Landing 'Opry' show a 'coup' for network
October 24, 2003
By JEANNE ANNE NAUJECK, The Tennesseean
That's how Great American Country trumpeted its acquisition earlier this fall of Grand Ole Opry Live, the televised portion of country music's signature radio show.
It might sound dramatic, but to President Jeff Wayne, ''coup'' is none too strong a word when it comes to the impact he believes the Opry will have on the cable network's growth.
''It is a coup. It's in line with the step we needed to take for the network,'' he said. ''In order to be viewed as the best country music network, you need the Opry.''
The Opry is a cornerstone of GAC's strategy to double its reach to 50 million U.S. households in the next two or three years. It's a big goal for a network that took seven years to reach 25 million households. And it's competing for viewers with the well-established Country Music Television, which reaches 71 million U.S. households and had the Opry contract through Sept. 27.
''If they're aggressive at it, they have a good chance. But it will be a fight,'' said independent media analyst Robert Unmacht, noting that GAC owner Jones Media Networks doesn't have the kind of leverage with cable companies that CMT owner Viacom has.
Viacom also owns MTV and VH1 and can bundle the three networks together when negotiating with cable companies to include the channels in their lineups, he said.
Across the country, more households have CMT with their cable subscription than have GAC. CMT ranks No. 42 among all cable networks in household reach, and GAC ranks No. 75, according to Kagan World Media.
''I think the Opry will have a fair amount of impact. It's a name that's recognized, and that gives people a reason to call cable companies and ask for it. They needed something special that would draw attention.''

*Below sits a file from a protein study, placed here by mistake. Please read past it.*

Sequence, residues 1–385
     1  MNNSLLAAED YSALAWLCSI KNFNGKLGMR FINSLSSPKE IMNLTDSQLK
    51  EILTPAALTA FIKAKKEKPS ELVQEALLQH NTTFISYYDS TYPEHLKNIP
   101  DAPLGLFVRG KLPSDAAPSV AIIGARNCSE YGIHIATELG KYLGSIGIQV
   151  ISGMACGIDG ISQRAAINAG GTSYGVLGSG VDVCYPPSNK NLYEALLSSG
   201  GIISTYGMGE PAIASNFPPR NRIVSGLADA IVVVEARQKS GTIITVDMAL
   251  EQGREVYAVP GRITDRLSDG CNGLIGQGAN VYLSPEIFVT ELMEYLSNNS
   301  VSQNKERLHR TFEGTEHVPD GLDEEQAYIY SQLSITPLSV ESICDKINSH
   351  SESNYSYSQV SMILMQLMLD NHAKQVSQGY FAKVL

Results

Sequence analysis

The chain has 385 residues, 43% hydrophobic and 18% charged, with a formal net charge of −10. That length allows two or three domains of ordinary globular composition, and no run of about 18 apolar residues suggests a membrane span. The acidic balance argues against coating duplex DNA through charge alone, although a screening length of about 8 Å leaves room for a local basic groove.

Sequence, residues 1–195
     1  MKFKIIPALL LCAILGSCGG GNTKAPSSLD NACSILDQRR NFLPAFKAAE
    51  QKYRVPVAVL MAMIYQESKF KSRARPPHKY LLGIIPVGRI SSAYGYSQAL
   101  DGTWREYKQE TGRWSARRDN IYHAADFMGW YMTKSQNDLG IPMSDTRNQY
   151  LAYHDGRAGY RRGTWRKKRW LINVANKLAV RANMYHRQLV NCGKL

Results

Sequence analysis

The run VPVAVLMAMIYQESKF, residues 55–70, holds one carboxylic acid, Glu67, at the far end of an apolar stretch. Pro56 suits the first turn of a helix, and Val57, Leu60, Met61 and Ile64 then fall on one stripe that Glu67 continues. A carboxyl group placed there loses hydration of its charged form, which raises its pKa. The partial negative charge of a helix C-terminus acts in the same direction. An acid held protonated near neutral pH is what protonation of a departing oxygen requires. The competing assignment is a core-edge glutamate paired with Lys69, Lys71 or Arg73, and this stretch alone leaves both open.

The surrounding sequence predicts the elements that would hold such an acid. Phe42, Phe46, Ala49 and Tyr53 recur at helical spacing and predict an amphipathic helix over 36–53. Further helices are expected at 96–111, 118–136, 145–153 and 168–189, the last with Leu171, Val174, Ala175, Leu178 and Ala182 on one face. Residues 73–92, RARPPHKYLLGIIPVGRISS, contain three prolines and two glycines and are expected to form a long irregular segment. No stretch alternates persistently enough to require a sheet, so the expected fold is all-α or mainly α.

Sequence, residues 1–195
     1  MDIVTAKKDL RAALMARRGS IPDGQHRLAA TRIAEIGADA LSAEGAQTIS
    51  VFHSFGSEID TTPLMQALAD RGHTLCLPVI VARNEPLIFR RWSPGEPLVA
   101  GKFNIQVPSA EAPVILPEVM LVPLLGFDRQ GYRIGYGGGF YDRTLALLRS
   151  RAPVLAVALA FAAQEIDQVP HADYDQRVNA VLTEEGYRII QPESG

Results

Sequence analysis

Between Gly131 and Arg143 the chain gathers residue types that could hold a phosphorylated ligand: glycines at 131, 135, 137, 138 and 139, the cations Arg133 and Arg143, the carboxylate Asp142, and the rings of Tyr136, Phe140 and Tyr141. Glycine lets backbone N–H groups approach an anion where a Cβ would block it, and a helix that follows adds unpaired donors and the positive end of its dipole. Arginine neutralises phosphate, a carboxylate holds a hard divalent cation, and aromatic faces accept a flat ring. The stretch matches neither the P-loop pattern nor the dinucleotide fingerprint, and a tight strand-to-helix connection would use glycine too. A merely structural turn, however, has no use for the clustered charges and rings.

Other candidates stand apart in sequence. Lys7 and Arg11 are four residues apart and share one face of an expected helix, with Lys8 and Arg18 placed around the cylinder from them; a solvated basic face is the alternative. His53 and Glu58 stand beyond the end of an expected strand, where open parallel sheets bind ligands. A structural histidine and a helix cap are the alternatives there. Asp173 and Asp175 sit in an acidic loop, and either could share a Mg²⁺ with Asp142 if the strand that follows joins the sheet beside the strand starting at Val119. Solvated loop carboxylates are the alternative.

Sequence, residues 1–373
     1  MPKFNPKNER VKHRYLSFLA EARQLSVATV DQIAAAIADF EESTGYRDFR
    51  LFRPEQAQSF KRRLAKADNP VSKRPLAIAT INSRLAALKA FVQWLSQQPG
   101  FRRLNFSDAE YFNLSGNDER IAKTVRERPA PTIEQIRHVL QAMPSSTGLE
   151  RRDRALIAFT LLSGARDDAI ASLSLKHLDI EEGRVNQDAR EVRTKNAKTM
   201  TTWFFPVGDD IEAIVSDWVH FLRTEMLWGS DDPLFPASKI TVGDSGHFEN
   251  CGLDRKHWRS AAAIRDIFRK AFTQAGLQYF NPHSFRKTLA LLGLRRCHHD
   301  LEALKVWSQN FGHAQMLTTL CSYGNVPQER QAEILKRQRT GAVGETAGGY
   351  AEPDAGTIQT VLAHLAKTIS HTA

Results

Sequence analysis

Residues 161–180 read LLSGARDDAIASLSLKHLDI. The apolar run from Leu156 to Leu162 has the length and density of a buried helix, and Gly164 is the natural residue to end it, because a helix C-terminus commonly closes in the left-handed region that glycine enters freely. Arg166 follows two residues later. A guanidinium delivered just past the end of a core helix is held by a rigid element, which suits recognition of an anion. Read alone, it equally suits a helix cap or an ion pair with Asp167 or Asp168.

Wayne plans to leverage the Opry the way Comedy Central did the hit show South Park, and the way the Food Network capitalized on Emeril Lagasse's popular cooking show while Wayne was president there and an executive at one of its owners, the Providence Journal Co. Wayne joined Jones in 1997.
''Every network has a signature show that takes them to the next level,'' Wayne said. ''The main way to do that is to add event programming that is very promotable. We decided to stretch a little and get the Opry.''
So how much could carrying the Opry help GAC?
When it launched on CMT two years ago, Opry Live drew 2 million viewers, CMT said. Data from Nielsen Media Research indicate that Opry viewership was 744,000 during the third quarter of 2002 but went up to 781,000 during the third quarter of this year, which ended Sept. 21.
Opry 'not even in the top 10'
Colleen Fahey Rush, CMT's senior vice president of research, said the Opry was a less popular show than perceived.
''The most recent data, from the last full quarter, shows that the highest ratings have been for our original programming ? 100 Greatest Songs, 40 Greatest Women of Country, the Flameworthy Awards. The Opry was not even in the top 10,'' she said.
Unmacht said that CMT was clearly shooting for a younger audience than GAC, which Wayne said embraces the 25-54 audience that is ''the sweet spot for country music.''
''CMT is always showing young people in tight jeans, with the attitude,'' Unmacht said. ''Really, country's a 35-plus demographic. But advertisers think young, young, young.''
'A good partner'
When CMT's Opry contract came up with owner Gaylord Entertainment, GAC proffered a generous multiyear deal that includes airing the one-hour segment on primetime Saturdays, with five rebroadcasts weekly. It came at a good time: Gaylord and CMT were in dispute over several terms of the contract, including how frequently Opry Live would air.
''We felt like GAC is a good partner for us with a long-term view for country music,'' said Steve Buchanan, Gaylord's senior vice president of media and entertainment. ''We really see that there's an opportunity for the network to grow, and we feel the Opry can be a part of that.''
Wayne and Buchanan say they've gotten numerous calls and e-mails from viewers wanting to know how they can keep their Saturday night date with the Opry. They are told to call their cable provider and request GAC.
Gaylord also was attracted to potential marketing synergy with GAC owner Jones Media Networks, a provider of network radio and cable TV content. It is a subsidiary of Jones International, an Englewood, Colo.-based venture owned by Glenn R. Jones.
Jones' cable roots date back to 1967, when Jones formed Intercable, a system that reached 1.5 million households at its peak.